November 4, 2023

The Military Exploits of Saint Ioannikios the Great as a Prelude to Spiritual Warfare

By St. Justin Popovich

At that time, the wicked Leo, the son of Constantine Kopronymos, infected with the iconoclastic heresy, reigned (775-780) over the Romans. This emperor began to collect young men who were distinguished by beauty and courage into his army throughout the empire. When those soldiers went out to gather other soldiers came to the region of Bithynia, they found in a village there that Ioannikios was young, handsome, stout, healthy, and fit for the army, so they took him with them. From that time, Ioannikios began to serve as a soldier, and was feared by his enemies because of his bravery, and loved by his fellow soldiers because of his meekness and calmness; but he was dearest to God, because he diligently fulfilled His holy commandments. However, the devil, envious of such a virtuous life of Ioannikios, seduced him into the iconoclastic heresy. At that time, this heresy created a great commotion in the Church of God through the iconoclast emperors: holy icons were thrown out of the temples of God, and those who venerated them were persecuted. And Ioannikios was so infatuated with that heresy that he did not even want to hear about holy icons. But God, who desires everyone to be saved, saved him from that too in the following way.

According to God's providence, Ioannikios and his detachment would be sent to the East. On his way back from there, he passed over a part of Mount Olympus in Bithynia, where at that time a clairvoyant monk was living in asceticism. This monk, sensing that Ioannikios was passing there with his detachment and having learned from the Spirit of God everything about him, came out of his desert cell, approached Ioannikios and said to him: "Young Ioannikios, if you call yourself a Christian, then why do you despise the icon of Christ? All your virtuous deeds are in vain, if you do not have true faith."

Hearing this, Ioannikios was amazed that he who did not know him called him by name, and that a man who had never seen him did not distort his actions. It would also be clear to Ioannikios that the man speaking to him was full of the Spirit of God, and that with his clairvoyance he has come to know everything about him. For this reason Ioannikios fell on the ground in front of him, bowing to him and begging for his forgiveness. At the same time, he said that he had sinned out of ignorance, and promised that he would correct himself and pay due prayerful respect and reverence to the icon of Christ and the icons of all the Saints.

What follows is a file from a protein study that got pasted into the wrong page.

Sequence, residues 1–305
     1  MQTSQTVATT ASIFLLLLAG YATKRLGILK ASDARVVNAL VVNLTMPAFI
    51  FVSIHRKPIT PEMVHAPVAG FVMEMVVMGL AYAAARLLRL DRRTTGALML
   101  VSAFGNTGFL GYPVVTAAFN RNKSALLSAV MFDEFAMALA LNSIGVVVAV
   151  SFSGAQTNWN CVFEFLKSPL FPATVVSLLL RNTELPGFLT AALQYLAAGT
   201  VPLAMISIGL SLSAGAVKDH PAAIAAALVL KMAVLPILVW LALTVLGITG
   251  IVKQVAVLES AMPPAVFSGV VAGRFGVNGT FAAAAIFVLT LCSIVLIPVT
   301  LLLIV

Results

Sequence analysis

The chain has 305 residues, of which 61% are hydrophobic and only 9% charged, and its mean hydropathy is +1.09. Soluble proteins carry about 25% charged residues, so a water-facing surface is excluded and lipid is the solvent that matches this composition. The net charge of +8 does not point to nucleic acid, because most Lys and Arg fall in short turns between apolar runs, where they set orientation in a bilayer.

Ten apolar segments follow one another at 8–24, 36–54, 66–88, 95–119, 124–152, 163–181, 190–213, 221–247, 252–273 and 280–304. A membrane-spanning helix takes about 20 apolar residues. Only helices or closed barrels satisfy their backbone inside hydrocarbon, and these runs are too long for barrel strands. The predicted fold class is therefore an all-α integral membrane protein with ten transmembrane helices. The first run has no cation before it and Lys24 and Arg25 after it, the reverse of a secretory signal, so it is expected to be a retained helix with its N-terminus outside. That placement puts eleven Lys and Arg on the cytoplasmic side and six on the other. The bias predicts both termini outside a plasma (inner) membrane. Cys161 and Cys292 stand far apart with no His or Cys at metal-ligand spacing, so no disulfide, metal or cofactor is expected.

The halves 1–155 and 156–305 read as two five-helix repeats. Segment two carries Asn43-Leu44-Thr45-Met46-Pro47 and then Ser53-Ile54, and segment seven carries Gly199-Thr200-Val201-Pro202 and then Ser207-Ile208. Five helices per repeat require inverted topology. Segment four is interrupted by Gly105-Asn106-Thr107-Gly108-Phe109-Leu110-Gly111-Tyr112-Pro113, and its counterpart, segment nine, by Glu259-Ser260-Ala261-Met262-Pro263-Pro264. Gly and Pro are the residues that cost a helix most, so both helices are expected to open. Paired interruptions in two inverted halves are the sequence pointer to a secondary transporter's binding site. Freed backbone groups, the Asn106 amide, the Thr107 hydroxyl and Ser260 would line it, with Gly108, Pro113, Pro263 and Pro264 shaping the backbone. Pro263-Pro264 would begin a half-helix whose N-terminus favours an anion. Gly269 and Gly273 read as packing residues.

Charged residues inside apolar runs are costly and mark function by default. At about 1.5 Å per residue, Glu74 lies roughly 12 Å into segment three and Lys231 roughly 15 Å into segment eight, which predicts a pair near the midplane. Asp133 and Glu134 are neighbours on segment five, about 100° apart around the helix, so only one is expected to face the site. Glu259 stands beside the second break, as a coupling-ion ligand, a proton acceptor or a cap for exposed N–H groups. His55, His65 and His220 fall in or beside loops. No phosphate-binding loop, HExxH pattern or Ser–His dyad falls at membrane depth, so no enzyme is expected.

From that time on, blessed Ioannikios began to earnestly honor the holy icons, and he deeply regretted that he had despised them in his ignorance. And grieving for this, he began to punish himself with fasting and various mortifications of the body. Although living in the imperial courts, he lay on the bare ground, prayed fervently, kept vigil all night, and never ate until he was full. And when it happened, and he was at the common table with the group, he ate so much just to hide his asceticism from them.

After he spent six years in such exploits, the Bulgarians attacked the Romans with a large military force and began to ravage Thrace. The Roman emperor marched against them with his entire army, including the blessed Ioannikios. When the armies collided, a battle ensued in which the Bulgarians prevailed over the Romans. Then Ioannikios showed great courage, defeating foreign tribes like a new David; and before the face of the emperor himself, he defended his detachment from the enemy's swords, heroically repulsing the enemies and cutting them down like grass. He also rescued a famous Roman nobleman, who, while fighting with the Bulgarians, was defeated and captured by them. Ioannikios rushed towards the Bulgarians, cut one down with his sword and chased the others away, and thus freed the captured nobleman. Another time, Ioannikios, seeing a terrible Bulgarian, similar to Goliath, blocking a narrow path for the Romans and killing many, rushed at him and cut off his head. Such was the heroism of the blessed Ioannikios in the fight against visible enemies; it foretold his future struggle with invisible enemies and his victory over them. Seeing such bravery of Ioannikios, the emperor asked where he was from, whose family he was from, and what his name was, and ordered that all this be written down in his memorial, so that after the battle he would honor such a brave soldier with a high rank and other awards.

Returning with the army from the war and passing by Mount Olympus, Ioannikios reminded himself of the monk who came out of the desert before him and accused him of iconoclastic heresy, and he made a decision in his heart: to leave everything, to settle on that mountain, and as a monk to live in prayerful solitude and silence alone with God. He soon put this decision into action. When he arrived in the imperial capital, where he received a high rank and gifts from the emperor for his bravery in the war, he despised it all at once, considering it all trifles. And leaving his comrades in arms, after twenty-five years of service in the army, he went to the monks to start a new war, a war "against spiritual hosts of wickedness in the heavenly places" (Eph. 6:12).

- From the Lives of the Saints for November. Translated by John Sanidopoulos.

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